When it comes to improving Hawaii’s aging stock of prisons and jails, all sides agree on one thing: One way or another, the crumbling Oahu Community Correctional Center, a century-old jail in Kalihi, will have to be replaced.

But the state may be getting ahead of itself in moving forward with a plan for a new OCCC.

Earlier this year, the Legislature set aside a total of nearly $18 million to study what a new OCCC might look like, along with fine-tuning the cost, coming up with financing plans and identifying potential sites. It gave the Hawaii Department of Public Safety until the start of the 2017 legislative session to finish the study and report back.

Meanwhile, the Legislature also created the Correctional Justice Task Force to “study effective incarceration policies,” but its work isn’t due until just before the 2018 legislative session — a year after significant decisions about OCCC might have already been made.

Razor wire at OCCC Oahu Community Correctional Center.

Originally built in 1916, the Oahu Community Correctional Center has 19 modules — an antiquated design that requires more correctional officers than in more modern facilities.

Cory Lum/Civil Beat

“If we don’t think this through, we’re going to get an end product that probably doesn’t really reflect the values and core principles of our community,” Bob Merce, who heads the task force’s design committee, told Civil Beat. “If you really want to reflect the best of your community, you’ve got to start rethinking what a jail is.

“And where do you begin? You don’t begin with bricks and mortars and population projections. You begin with the principle, philosophy and thinking them through — we ought to do that before we spend a half billion dollars.”

On Tuesday, as the task force met to discuss the state’s incarceration policies, two schools of thought emerged over the vision for a new OCCC.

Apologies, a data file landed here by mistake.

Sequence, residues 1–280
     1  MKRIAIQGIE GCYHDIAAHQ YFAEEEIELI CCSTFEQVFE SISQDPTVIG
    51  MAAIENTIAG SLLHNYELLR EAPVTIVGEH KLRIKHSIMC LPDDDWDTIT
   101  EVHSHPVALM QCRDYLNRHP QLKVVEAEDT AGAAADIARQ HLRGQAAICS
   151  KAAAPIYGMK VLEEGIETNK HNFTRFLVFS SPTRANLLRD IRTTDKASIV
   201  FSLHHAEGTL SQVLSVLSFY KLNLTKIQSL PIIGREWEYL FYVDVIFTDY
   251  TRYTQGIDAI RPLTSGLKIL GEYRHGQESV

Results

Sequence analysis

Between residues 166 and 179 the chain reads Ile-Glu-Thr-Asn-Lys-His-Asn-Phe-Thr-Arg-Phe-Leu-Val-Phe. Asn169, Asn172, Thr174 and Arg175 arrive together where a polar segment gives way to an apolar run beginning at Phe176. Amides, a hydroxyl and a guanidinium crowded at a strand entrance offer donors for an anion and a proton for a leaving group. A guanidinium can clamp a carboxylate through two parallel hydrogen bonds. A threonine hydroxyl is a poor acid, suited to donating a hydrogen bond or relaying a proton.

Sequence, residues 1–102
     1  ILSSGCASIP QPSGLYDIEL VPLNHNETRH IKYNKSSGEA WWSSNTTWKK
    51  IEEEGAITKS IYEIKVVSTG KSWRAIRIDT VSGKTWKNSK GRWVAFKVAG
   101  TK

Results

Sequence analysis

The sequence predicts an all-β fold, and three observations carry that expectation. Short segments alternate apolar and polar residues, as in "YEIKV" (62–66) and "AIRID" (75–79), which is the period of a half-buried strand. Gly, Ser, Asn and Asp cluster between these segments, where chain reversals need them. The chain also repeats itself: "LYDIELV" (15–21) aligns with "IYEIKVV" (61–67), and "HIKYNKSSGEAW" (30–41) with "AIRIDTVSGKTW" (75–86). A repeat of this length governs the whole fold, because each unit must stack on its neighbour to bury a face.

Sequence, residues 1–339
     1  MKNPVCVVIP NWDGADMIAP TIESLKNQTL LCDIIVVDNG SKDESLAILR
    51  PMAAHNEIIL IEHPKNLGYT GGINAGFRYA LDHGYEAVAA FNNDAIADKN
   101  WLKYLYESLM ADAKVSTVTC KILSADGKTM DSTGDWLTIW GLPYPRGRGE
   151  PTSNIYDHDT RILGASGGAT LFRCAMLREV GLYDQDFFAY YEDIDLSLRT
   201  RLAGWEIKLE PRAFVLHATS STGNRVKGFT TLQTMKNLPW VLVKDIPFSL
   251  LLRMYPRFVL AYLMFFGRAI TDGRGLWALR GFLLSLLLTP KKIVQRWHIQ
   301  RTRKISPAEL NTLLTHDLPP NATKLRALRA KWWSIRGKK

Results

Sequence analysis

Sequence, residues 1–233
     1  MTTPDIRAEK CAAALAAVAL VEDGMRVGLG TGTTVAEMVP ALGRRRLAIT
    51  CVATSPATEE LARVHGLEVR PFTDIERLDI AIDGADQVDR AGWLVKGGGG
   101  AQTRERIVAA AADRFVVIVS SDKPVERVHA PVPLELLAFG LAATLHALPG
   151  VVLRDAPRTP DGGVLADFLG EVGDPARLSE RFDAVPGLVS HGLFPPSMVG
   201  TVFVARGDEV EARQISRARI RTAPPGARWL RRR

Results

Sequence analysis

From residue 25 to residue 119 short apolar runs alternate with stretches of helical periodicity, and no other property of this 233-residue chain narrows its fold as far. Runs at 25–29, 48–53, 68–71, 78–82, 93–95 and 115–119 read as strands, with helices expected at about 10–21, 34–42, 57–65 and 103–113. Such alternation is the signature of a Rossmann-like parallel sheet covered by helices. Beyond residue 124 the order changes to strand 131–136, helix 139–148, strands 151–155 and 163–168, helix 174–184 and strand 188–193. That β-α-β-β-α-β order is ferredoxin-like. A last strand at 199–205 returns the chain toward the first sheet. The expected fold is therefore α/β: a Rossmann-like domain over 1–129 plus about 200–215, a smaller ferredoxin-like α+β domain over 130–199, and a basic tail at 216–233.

One was offered by the team of consultants hired by the Department of Public Safety to come up with a plan for a new OCCC. Its work is still in early stages, but the plan appears to revolve around building a wholesale replacement of the existing facility.

That likely means that the state will need to build a jail with a capacity to hold at least 1,200 inmates — at an estimated cost of nearly $650 million.

But several task force members had a different vision: Build a much smaller jail, with most inmates diverted to community-based programs.

That’s an idea, the task force members say, that deserves more careful thought — carried out through a deliberate process that takes into account what Merce called “the knowledge and wisdom of the community.”

“We suspect that a much smaller facility is probably very doable, particularly if you start eliminating very minor offenders who are in jail for frivolous or technical reasons,” said Meda Chesney-Lind, who heads the task force’s education subcommittee. “This is the pivotal detail that this task force has been pursuing, and the rush to any kind of finished product is really inappropriate. We need much more discussion.”

Oahu Community Correctional Center mirrors around prison guards to watch inmates. 18 dec 2015. photograph Cory Lum/Civil Beat

The Oahu Community Correctional Center is so overcrowded that its cells are usually double-bunked. Sometimes, three inmates are crammed inside a cell, with the third inmate taking a spot on the floor to sleep.

Cory Lum/Civil Beat

Moving A Prison

Relocating OCCC was one of Gov. David Ige’s top legislative priorities this year.

In January, Ige introduced a bill that would have given his administration an array of options to finance the relocation — possibly adjacent to the Halawa Correctional Facility.

Initially, the cost of the Halawa relocation was pegged at about $489 million. But the estimate turned out to be based on a years-old calculation; as the bill moved through the Legislature, the cost — adjusted for inflation and other considerations — ballooned to nearly $650 million.

In the end, lawmakers balked — and instead included provisions in the state budget, calling for a study of a preliminary design and projected cost of a new OCCC as well as financing plans and potential sites.